Breathtaking views thanks to steel cables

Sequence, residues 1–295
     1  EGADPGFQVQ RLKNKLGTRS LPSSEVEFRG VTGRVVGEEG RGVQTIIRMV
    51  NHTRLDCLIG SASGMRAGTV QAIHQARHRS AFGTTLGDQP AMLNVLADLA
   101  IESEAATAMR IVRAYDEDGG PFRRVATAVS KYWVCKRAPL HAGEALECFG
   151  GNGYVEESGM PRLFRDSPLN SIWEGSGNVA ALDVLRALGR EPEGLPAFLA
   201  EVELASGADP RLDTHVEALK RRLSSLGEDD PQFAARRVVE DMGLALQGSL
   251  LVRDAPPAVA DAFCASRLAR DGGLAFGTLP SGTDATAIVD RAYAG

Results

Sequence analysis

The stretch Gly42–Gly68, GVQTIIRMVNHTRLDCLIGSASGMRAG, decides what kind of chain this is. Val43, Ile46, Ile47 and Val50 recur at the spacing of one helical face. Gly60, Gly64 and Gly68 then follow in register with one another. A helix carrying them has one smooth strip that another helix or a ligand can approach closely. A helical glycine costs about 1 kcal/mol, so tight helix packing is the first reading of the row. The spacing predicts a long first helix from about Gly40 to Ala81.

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The lush, wooded peak of Mount Faito is a spectacular sight, especially when seen from a cable car. So beautiful was this location that King Ferdinand IV of Bourbon decided to build the royal shipyards at the foot of the mountain, whose name comes from its forests of beech trees (fagus in Latin). Villages and houses are dotted over the mountainside all the way up to the peak of Sant’Angelo and the church of San Michele, built on the site of the reputed sighting of the archangel Michael between the 6th and 7th centuries. A bird’s eye view of this splendid location can be enjoyed from the cable cars covering the 3km between the town of Castellammare and Mount Faito (alt. 1060m) in just 8 minutes. The cableway is celebrating the 60th anniversary of its inauguration on 24 August 1952, since which time it has transported thousands of commuters and tourists and provided them with one of the most breathtaking views of the Gulf of Naples. A similar view was available up until a few decades ago from the Mount Vesuvius funicular railway, inaugurated on 6 June 1880 to take visitors up the steep slopes to the crater. Initially steam powered then electrified in 1904, the funicular was operated by the Thomas Cook Group and was accompanied by a wave of enthusiasm that soon spread thanks to the song “Funiculì funiculà”. In 1906 the railway was buried beneath a deep blanket of ash following a terrible volcanic eruption but it was soon working again as one of the world’s favourite tourist destinations. Cited by numerous tour guides, the funicular was in service up until 1944 when the volcano’s fury destroyed it once and for all. In 1947 a company was set up to build a modern chairlift, which opened in 1953 offering visitors images of rare beauty as they ascended the green slopes of the “mountain of fire”.[charme-gallery] Almost 100,000 passengers a year, over half of them from abroad, admired the fumaroles between the hardened lava ridges and valleys and the postcard view of the Gulf, Capri, Punta Campanella and Posillipo. The chairlift, however, was often closed and many operators preferred to use the new road that had been built up to the crater. In 1984 the chairlift was withdrawn, bringing almost 100 years of “Funiculì funiculà” to an end. All attempts by the Regional Government to restore service since 2002 have been in vain. Naples is one of the few cities in the world to have no less than four funicular railways, which connect the city centre with the hillside quarters of Vomero, Chiaja and Posillipo. The most famous is probably the Funicolare Centrale linking Piazzetta Augusteo with Piazza Fuga and known as the “funicular for shopping” as it joins the two most important shopping districts in Naples: Chiaja and the area around Via Scarlatti and Via Luca Giordano. Chiaja also has one of the oldest electric railways in Italy dating from 1889: the Funicolare di Chiaja runs between the residential areas of the Riviera di Chiaja and Vomero (alt. 500m) in 5 minutes with an average slope of 29%. The Funicolare di Montesanto has the same journey time, linking residential Vomero to the Pignasecca quarter’s shops and markets in the very heart of old Naples since 1891. Finally, the Funicolare di Mergellina, perhaps the most famous of the city’s four cableways, links the elegant quarter of Posillipo with the city centre, Via Caracciolo and the tourist harbour of Mergellina, passing through the private gardens of Neapolitan VIP’s and offering fantastic views. Naples used to have a fifth cableway between Posilippo and the Mostra d’Oltremare exhibition centre in Fuorigrotta. Inaugurated on 9 May 1940, it had two cable cars transporting up to 20 people in 8 minutes but it was withdrawn from service in 1961 when the construction of skyscrapers in the area made it too dangerous. The Mount Solaro chairlift on Capri has had a happier fate, and if the emperor Tiberius had had the benefit of this form of transportation, he wouldn’t have built his majestic palace on the other side of the Azure Isle. From the Anacapri station near the central Piazza Vittoria, 156 chairs take passengers to the island’s highest peak in 12 minutes where they can enjoy the ecstatic view of the Gulf from the cloud-topped Mount Solaro. [charme-gallery]Capri also has an electric funicular railway, which passes through lemon groves to link Marina Grande harbour with the centre of the island in 5 minutes. Built in 1907, passengers landing in the harbour can reach the station in Piazzetta Angelo Ferraro and disembark near the famous ‘Piazzetta’ frequented by the world’s jet set and capture the spectacular views on camera. A similar experience can be enjoyed on the other beautiful island in the Gulf of Naples: Ischia. The Funicolare del Castiglione is a private service operating in a spa complex, whose single car can transport up to 18 clients from the car park to the pools. However, until the 1970s the Green Isle had an important cableway operating between the harbour and the Montagnone belvedere, with open two-person compartments used mainly by tourists. Sadly, the cableway is no longer in service but it was frequently used as a location in films in the 1960s, such as “Vacanze a Ischia” set in the area where, over 2000 years ago, Greek settlers built the first houses of what was to become Magna Graecia.